Assistance Needed Now for Renters Across the Country
Without meaningful rental assistance legislation, the Center for Disease Control’s nationwide federal eviction moratorium is a recipe for disaster for renters and housing providers alike.
Renters will accrue back payments they will never be able to repay, and in turn housing providers will be unable to meet basic financial obligations, jeopardizing their ability to provide Americans with the housing they need.
Congress must prevent this housing crisis by providing direct rental assistance to households with financial hardships to ensure the stability of the housing market and the financial health of our communities.
Rental assistance is necessary to pull the country back from the brink of a housing and financial crisis.
On September 4, the Centers for Disease Control and Prevention (CDC) declared a “temporary halt to residential evictions to prevent the further spread of Covid-19.” This eviction moratorium applies to all residential housing. Further, it applies to all renters who self-certify they meet four criteria. The criteria are:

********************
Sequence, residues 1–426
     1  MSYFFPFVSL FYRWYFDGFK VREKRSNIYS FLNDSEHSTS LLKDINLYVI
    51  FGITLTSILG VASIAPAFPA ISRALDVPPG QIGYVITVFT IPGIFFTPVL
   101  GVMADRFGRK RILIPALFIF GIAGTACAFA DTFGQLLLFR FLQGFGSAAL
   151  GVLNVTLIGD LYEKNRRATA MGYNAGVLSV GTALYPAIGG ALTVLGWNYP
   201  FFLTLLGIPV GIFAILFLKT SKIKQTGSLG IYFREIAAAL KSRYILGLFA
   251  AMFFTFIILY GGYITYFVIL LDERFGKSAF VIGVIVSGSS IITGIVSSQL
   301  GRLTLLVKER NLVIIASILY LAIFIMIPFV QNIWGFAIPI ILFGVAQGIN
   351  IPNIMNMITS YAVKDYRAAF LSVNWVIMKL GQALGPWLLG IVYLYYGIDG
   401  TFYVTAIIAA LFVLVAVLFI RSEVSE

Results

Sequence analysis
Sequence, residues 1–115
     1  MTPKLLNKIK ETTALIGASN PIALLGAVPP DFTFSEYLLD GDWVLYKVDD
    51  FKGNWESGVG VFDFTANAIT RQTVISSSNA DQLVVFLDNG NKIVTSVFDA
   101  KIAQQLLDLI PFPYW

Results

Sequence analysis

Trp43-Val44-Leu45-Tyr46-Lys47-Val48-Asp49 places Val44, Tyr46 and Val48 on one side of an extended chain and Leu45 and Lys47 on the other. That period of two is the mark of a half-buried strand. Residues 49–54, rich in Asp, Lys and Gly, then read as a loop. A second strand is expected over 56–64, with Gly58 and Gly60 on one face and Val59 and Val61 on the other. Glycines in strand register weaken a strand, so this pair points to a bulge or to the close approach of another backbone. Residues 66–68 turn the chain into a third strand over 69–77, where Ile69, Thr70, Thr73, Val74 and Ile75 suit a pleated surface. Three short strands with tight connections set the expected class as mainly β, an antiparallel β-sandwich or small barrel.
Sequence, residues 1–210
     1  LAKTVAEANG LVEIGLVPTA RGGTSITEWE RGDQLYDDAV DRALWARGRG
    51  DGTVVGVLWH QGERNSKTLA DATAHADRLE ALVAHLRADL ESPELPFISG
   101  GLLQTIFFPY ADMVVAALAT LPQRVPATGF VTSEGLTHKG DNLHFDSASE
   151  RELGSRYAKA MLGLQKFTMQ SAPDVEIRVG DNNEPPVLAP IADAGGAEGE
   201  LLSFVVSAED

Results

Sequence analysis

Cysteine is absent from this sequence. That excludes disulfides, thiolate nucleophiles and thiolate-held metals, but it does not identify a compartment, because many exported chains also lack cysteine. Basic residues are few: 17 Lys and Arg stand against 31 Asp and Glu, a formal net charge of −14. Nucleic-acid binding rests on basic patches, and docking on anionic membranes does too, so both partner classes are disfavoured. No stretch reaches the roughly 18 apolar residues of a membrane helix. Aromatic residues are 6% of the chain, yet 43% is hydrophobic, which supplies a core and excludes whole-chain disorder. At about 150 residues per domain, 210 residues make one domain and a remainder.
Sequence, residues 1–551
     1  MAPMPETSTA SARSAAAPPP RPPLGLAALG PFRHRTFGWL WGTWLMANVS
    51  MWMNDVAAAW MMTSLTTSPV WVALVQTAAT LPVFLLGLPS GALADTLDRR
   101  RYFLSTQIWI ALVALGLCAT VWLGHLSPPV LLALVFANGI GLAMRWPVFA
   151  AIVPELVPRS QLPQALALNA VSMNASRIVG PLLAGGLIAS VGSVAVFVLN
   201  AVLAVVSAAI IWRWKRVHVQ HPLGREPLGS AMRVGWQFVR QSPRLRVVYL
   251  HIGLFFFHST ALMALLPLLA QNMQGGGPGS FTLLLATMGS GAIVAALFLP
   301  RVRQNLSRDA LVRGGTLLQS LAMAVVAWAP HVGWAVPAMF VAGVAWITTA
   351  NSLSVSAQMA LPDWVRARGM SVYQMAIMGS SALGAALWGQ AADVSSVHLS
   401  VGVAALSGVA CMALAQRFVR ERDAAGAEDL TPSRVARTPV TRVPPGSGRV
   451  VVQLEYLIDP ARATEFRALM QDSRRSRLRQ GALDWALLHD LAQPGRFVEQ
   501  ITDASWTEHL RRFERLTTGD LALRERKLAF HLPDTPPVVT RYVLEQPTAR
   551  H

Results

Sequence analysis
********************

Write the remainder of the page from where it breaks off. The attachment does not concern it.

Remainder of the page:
- Make less than $99,000 (single) or $198,000 (married); This is expected to cover more than 95% of all renters
- Have used their best efforts to obtain rental assistance;
- Are unable to pay full rent due to loss of household income, hours or wages, lay-offs, or extraordinary out of pocket medical expenses; note this does not have to be COVID-related AND
- If evicted, would likely become homeless or need to move in to a residence that is shared by other people in close quarters
Recently, the House of Representatives passed the HEROES Act which included substantial rental assistance, however the new eviction moratorium covers a much larger population of renters, around 95%, placing the vast majority of housing providers in jeopardy.
Congress must enact an emergency rental assistance program that addresses the challenges for housing providers and renters alike. The House-passed HEROES Act did include rental assistance, but not sufficient to cover the number of renters covered by the CDC notice. All renters who are eligible and attest to their need for the eviction moratorium must be covered. Payments should be made directly to housing providers who provide housing authorities with copies of their residents’ attestations.